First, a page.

‘Real Housewives of Salt Lake City’ star Jen Shah pleads guilty in wire fraud case

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“Real Housewives of Salt Lake City” star Jen Shah, who’d been accused of running a nationwide telemarketing scheme targeting seniors, pleaded guilty to wire fraud on Monday in a dramatic courtroom reversal.

Shah appeared before U.S. District Court Judge Sidney Stein in Manhattan and entered into an agreement with federal prosecutors, changing her plea to guilty to one count of conspiracy to commit wire fraud.

In front of Judge Sidney Stein shortly after 10:30 a.m., Shah entered into an agreement with federal prosecutors, changing her plea to guilty to a count of conspiracy to commit wire fraud.

She agreed to forfeit $6.5 million and to pay restitution up to $9.5 million and faces a sentence of up to 14 years in prison.

Shah, 48, said in court she “knew it was wrong, many people were harmed and I’m so sorry.” 

She admitted that she “agreed with others to commit with wire fraud” and “knew it misled” victims, over 10 of which were over the age of 55. 

Shah added there was a “misrepresentation of the product … regarding value of the service,” noting it “had little to no value.”

When asked if she knew what she was doing was wrong and illegal, she replied, “Yes, your honor.”

Shah’s attorney, Priya Chaudhry, told NBC News her client pleaded guilty “because she wants to pay her debt to society and put this ordeal behind her and her family.”

“Ms. Shah is a good woman who crossed a line. She accepts full responsibility for her actions and deeply apologizes to all who have been harmed,” she said in a statement. “Ms. Shah is also sorry for disappointing her husband, children, family, friends, and supporters.”

“Jennifer Shah was a key participant in a nationwide scheme that targeted elderly, vulnerable victims,” Damian Williams, the U.S. Attorney for the Southern District of New York, said in a statement following her plea.

“These victims were sold false promises of financial security but instead Shah and her co-conspirators defrauded them out of their savings and left them with nothing to show for it. This Office is committed to rooting out these schemes whatever form they take,” he continued.

Shah was previously scheduled to stand trial beginning next week. 

She pleaded not guilty in April 2021 to charges of conspiracy to commit wire fraud and conspiracy to commit money laundering.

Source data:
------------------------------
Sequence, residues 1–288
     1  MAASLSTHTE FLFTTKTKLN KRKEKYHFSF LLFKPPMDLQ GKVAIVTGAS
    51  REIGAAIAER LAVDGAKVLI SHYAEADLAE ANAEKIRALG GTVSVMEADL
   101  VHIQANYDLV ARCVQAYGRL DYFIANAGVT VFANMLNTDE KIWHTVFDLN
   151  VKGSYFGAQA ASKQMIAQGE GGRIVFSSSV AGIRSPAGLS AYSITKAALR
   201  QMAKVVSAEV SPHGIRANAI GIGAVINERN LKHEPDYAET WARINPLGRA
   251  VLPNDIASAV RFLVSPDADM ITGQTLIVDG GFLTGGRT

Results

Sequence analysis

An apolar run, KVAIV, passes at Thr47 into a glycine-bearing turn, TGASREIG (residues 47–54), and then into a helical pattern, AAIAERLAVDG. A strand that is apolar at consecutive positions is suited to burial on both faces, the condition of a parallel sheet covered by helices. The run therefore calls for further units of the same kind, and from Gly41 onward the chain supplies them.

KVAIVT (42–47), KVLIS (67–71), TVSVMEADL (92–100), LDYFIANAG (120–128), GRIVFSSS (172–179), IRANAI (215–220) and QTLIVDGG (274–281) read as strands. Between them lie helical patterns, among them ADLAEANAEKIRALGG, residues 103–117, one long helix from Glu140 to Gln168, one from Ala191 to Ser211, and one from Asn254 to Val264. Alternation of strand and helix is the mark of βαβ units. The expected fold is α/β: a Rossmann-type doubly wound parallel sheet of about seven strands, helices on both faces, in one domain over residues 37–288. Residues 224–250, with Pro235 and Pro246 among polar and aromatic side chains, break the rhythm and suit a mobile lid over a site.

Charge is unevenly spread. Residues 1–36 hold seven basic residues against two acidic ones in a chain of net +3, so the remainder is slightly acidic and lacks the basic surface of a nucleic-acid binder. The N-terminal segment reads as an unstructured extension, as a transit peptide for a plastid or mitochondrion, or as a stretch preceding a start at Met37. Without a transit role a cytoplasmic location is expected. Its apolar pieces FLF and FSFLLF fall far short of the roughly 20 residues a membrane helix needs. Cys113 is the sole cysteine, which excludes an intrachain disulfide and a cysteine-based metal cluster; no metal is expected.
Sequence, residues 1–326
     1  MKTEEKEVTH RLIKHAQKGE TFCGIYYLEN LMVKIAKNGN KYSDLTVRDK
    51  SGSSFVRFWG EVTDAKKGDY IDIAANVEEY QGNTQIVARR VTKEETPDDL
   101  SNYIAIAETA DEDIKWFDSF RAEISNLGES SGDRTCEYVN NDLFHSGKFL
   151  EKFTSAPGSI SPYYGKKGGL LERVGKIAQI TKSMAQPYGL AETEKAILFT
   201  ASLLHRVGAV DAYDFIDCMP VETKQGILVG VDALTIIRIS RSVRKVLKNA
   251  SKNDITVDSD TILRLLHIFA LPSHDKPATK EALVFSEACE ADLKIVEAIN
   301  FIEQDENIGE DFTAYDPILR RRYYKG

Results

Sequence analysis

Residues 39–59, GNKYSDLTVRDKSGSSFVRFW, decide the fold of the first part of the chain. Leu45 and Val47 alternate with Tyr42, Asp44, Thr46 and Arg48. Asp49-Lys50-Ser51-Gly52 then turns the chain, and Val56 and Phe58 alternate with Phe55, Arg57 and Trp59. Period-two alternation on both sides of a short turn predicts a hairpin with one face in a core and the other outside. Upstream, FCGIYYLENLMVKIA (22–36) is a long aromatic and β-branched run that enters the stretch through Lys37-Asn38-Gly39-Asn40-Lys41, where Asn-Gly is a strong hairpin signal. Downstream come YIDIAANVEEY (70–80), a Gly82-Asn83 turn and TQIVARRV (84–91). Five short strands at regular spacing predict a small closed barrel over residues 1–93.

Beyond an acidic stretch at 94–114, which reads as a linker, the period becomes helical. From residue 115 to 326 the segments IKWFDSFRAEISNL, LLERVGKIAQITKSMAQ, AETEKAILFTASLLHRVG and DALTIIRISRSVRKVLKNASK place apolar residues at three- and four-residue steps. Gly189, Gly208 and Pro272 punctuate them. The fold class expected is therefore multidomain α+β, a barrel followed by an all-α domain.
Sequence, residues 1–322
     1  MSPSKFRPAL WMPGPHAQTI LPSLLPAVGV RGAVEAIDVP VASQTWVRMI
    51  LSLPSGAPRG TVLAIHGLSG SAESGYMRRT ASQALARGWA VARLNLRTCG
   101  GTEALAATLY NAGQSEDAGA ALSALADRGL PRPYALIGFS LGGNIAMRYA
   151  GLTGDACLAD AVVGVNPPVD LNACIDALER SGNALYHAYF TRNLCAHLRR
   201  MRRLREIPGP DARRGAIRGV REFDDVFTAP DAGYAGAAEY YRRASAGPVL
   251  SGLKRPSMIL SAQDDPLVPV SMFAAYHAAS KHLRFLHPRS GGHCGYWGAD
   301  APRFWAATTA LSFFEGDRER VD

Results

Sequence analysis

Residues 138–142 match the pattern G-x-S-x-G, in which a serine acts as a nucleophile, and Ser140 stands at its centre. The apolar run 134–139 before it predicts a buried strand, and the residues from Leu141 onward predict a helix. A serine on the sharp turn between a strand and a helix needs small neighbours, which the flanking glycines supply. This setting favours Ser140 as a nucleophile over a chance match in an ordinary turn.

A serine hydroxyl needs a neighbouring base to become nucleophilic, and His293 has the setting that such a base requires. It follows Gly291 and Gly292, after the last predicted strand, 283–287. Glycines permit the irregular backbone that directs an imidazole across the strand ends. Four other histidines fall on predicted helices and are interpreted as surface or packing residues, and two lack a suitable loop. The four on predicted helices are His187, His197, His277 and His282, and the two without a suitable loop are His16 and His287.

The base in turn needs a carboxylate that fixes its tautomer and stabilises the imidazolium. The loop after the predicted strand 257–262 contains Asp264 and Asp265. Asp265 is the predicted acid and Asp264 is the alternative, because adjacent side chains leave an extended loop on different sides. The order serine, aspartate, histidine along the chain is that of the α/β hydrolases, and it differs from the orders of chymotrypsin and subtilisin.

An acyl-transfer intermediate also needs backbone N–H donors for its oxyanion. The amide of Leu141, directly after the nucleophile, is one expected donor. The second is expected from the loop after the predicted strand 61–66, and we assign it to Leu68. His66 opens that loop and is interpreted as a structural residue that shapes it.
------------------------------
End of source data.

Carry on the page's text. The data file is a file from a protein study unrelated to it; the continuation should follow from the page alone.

The latter charge will be tossed, the plea agreement states.

According to a copy of the agreement obtained by NBC News, Shah won’t be further criminally prosecuted by the Southern District of New York’s Office and “at the time of sentencing, the Government will move to dismiss any open Count(s) against the defendant.”

She and her “first assistant,” Stuart Smith, were accused in March 2021 of committing wire fraud and money laundering in a scheme in which they “generated and sold ‘lead lists’ of innocent individuals for other members of their scheme to repeatedly scam,” the U.S. Attorney’s Office said.

They operated multi-state telemarketing and in-person sales teams that would sell “essentially non-existent” services and fight consumer efforts to obtain refunds from 2012 through 2021, according to an indictment. 

“Shah and Smith undertook significant efforts to conceal their roles in the Business Opportunity Scheme. For example, Shah and Smith among other things, incorporated their business entities using third parties’ names,” the indictment said.

Smith also pleaded not guilty to the charges in April 2021, but later changed his plea to guilty in November 2021, court records show. It was not clear Monday if he had been sentenced in the case.

Shah appeared on Bravo’s “Real Housewives of Salt Lake City,” which highlights the extravagant lifestyles of the cast, in its first two seasons.

Bravo, owned by NBCUniversal, NBC News’ parent company, declined to comment.

Shah’s opulent daily life was on full display on the show including her luxurious closet full of designer clothes and bags. The series also highlighted her group of assistants dubbed the “Shah Squad.”

She is married to Sharrieff Shah, a cornerbacks/special teams coordinator for the University of Utah football team. According to the Office of the State Auditor, he made about $550,000 in wages and benefits in the 2020 fiscal year. 

During the first “Real Housewives of Salt Lake City” reunion special, when castmembers reflect on the season, Shah was asked why she needed so many assistants.

“I need a lot of help, you know? They all do different things. I run a lot of different companies and businesses, and a lot of them have different roles in the companies,” she said.

The show’s executive producer, Andy Cohen, then asked, “People are wondering how’d you get so rich?

She replied: “My background is in direct response marketing for about 20 years, so our company does advertising. We have a platform that helps people acquire customers, so when you’re shopping online or on the Internet, and something pops, we have the algorithm behind why you’re getting served that ad.”

The second season of the show featured Shah’s legal woes.

Her sentencing is scheduled for Nov. 28.

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